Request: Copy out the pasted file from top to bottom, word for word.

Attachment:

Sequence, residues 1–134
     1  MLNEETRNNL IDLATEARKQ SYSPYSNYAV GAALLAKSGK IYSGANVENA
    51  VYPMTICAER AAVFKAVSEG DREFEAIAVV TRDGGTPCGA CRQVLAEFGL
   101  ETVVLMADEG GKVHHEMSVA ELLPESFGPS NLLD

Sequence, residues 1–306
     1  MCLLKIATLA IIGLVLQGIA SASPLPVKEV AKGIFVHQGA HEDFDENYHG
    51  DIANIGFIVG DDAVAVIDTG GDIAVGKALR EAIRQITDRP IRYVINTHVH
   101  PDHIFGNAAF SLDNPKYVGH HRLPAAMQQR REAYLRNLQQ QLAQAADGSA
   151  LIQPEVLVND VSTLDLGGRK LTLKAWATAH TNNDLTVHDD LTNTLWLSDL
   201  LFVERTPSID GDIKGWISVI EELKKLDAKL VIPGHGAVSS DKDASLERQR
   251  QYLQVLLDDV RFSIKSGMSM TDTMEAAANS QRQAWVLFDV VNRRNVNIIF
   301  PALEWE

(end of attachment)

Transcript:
Sequence, residues 1–134
     1  MLNEETRNNL IDLATEARKQ SYSPYSNYAV GAALLAKSGK IYSGANVENA
    51  VYPMTICAER AAVFKAVSEG DREFEAIAVV TRDGGTPCGA CRQVLAEFGL
   101  ETVVLMADEG GKVHHEMSVA ELLPESFGPS NLLD

Sequence, residues 1–306
     1  MCLLKIATLA IIGLVLQGIA SASPLPVKEV AKGIFVHQGA HEDFDENYHG
    51  DIANIGFIVG DDAVAVIDTG GDIAVGKALR EAIRQITDRP IRYVINTHVH
   101  PDHIFGNAAF SLDNPKYVGH HRLPAAMQQR REAYLRNLQQ QLAQAADGSA
   151  LIQPEVLVND VSTLDLGGRK LTLKAWATAH TNNDLTVHDD LTNTLWLSDL
   201  LFVERTPSID GDIKGWISVI EELKKLDAKL VIPGHGAVSS DKDASLERQR
   251  QYLQVLLDDV RFSIKSGMSM TDTMEAAANS QRQAWVLFDV VNRRNVNIIF
   301  PALEWE